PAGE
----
>
>> Mike
>
>
>


I forgot that in my version of "screen.inc" I added a macro called 
"Get_Screen_XY" that takes any 3D scene coordinate as input and outputs 
the 2D screen coordinate, normalized between 0 and 1. This makes things 
super simple! I just list whatever points I want to project, and then 
write the 2D locations to a text file.

I've attached "screen.inc" to this post.

Mike


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Attachments:
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From: Mike Horvath
Subject: Re: Graphical projection comparison
Date: 4 May 2017 15:29:12
Message: <590b48c8$1@news.povray.org>
I used a similar strategy when creating this image:

https://commons.wikimedia.org/wiki/File:Graphical_projection_comparison.png

The main image was rendered in POV-Ray. I then converted the important 
coordinates from 3D to 2D, and built the arrows and text on top using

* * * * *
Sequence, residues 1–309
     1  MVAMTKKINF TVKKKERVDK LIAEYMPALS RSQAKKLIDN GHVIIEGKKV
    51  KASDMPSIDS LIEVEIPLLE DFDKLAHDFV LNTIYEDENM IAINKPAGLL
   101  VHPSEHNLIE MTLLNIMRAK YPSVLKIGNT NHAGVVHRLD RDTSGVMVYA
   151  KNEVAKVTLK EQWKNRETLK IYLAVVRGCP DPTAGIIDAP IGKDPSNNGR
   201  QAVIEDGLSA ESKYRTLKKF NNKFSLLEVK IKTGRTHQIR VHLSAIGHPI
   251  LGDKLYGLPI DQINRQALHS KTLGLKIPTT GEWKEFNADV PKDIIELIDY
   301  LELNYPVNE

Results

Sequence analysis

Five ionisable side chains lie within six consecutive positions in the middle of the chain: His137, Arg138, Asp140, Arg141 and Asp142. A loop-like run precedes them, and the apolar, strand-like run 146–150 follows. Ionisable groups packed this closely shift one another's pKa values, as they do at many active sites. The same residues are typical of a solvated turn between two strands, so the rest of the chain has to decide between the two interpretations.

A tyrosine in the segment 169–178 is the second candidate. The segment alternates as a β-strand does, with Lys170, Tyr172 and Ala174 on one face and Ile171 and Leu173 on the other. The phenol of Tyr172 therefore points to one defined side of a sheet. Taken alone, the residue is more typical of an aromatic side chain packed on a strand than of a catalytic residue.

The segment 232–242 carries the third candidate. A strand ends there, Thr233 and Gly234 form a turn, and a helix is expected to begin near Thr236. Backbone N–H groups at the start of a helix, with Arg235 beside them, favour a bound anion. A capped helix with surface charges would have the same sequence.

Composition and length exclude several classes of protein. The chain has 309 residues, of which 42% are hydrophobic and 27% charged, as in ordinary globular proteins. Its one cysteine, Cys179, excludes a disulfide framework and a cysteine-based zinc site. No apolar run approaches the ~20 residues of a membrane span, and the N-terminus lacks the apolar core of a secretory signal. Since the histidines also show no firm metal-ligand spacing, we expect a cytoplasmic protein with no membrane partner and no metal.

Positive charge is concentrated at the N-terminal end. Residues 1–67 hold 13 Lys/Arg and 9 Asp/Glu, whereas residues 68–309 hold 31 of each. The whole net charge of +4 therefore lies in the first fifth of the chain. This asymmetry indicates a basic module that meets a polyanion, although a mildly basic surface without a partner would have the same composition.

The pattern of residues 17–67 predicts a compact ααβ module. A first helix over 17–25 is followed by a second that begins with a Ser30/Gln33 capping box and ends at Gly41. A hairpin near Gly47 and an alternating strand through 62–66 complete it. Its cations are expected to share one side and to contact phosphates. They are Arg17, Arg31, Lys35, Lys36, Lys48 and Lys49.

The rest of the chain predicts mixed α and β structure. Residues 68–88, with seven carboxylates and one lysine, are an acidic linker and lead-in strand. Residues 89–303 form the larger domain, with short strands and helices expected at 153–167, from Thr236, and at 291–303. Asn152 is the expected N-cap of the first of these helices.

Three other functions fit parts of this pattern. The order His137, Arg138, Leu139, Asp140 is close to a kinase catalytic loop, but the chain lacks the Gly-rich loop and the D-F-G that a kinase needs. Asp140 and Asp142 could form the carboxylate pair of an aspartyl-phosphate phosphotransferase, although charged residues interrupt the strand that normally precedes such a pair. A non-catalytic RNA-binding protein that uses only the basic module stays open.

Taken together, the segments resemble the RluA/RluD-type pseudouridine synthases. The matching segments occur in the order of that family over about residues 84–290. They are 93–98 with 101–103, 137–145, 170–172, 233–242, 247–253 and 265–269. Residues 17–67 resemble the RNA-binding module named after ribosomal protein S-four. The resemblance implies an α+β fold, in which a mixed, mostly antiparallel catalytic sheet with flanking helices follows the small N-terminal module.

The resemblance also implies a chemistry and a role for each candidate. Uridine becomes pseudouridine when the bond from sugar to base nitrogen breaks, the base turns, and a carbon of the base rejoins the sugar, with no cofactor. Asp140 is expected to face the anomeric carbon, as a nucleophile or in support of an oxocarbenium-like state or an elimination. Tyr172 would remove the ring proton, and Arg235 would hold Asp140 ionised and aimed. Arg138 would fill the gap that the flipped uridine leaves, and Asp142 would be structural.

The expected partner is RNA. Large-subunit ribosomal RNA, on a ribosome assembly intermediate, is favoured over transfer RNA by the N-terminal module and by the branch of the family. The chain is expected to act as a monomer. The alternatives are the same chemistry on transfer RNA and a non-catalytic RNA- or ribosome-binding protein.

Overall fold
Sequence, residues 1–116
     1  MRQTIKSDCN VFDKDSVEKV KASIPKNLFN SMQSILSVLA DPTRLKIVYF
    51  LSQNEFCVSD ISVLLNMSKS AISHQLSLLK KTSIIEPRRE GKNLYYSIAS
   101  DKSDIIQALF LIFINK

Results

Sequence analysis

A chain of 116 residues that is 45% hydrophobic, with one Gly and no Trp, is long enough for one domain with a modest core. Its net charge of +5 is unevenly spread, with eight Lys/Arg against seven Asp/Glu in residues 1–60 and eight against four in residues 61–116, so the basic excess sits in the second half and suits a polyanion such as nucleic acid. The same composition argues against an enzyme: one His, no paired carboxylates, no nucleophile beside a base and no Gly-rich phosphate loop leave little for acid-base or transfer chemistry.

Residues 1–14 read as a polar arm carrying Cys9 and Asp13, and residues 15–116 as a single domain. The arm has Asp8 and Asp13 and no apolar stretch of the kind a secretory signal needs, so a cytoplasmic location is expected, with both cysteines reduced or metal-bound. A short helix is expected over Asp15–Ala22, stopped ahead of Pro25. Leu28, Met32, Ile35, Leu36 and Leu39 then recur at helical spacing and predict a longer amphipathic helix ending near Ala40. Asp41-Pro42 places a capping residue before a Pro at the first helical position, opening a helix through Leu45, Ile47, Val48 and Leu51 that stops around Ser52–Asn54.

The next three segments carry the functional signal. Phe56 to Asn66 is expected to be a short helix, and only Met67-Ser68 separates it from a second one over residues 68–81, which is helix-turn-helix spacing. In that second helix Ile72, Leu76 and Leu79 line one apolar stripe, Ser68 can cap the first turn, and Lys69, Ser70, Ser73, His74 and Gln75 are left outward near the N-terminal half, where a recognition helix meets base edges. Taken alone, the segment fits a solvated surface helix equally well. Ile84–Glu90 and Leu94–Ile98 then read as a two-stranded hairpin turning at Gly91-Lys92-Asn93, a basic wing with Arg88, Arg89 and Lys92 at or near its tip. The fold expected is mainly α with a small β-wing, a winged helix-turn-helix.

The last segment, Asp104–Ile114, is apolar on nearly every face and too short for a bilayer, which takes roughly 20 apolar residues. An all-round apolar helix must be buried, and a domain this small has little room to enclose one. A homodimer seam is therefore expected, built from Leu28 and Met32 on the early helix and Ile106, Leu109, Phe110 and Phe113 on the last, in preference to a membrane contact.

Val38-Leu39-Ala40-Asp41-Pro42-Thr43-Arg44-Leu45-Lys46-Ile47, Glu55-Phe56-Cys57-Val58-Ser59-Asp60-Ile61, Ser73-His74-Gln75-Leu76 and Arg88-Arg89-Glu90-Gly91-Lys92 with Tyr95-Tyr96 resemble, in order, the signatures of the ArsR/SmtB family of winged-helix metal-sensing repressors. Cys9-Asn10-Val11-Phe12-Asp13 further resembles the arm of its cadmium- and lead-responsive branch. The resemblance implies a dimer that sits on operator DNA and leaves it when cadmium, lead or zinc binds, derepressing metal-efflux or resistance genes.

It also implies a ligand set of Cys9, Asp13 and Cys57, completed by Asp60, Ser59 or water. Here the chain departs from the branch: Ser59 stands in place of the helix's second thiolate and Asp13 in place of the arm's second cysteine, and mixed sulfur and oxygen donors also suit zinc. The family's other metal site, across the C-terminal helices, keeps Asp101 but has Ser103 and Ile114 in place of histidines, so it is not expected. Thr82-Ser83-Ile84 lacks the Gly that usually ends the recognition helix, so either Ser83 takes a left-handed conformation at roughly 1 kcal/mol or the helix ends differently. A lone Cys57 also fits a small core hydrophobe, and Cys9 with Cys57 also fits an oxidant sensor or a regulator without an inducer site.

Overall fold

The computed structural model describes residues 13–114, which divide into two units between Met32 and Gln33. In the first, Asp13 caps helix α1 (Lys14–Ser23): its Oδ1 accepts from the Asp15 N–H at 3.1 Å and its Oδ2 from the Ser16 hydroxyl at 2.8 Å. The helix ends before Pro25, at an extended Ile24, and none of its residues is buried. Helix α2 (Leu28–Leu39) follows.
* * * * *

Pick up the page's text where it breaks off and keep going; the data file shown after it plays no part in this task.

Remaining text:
GeoGebra.


Mike


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From: Mike Horvath
Subject: Re: Graphical projection comparison
Date: 4 May 2017 15:37:35
Message: <590b4abf$1@news.povray.org>
The instructions say:

> You can only use screen.inc with the perspective camera.

Note that this is no longer the case. I added a macro called 
"Set_Camera_Orthographic" that allows you to use a parallel camera as 
well. I will need to update the text to reflect this.


Mike


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From: Kenneth
Subject: Re: Graphical projection comparison
Date: 4 May 2017 16:10:01
Message: <web.590b519f3e0a9077883fb31c0@news.povray.org>
Mike Horvath <mik### [at] gmailcom> wrote:

>
> I forgot that in my version of "screen.inc" I added a macro called
> "Get_Screen_XY" ...

Yeah, I was perplexed as to how the 'vanilla' version of screen.inc could do
that.

This looks interesting. Thanks for posting your modified version.


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From: Bald Eagle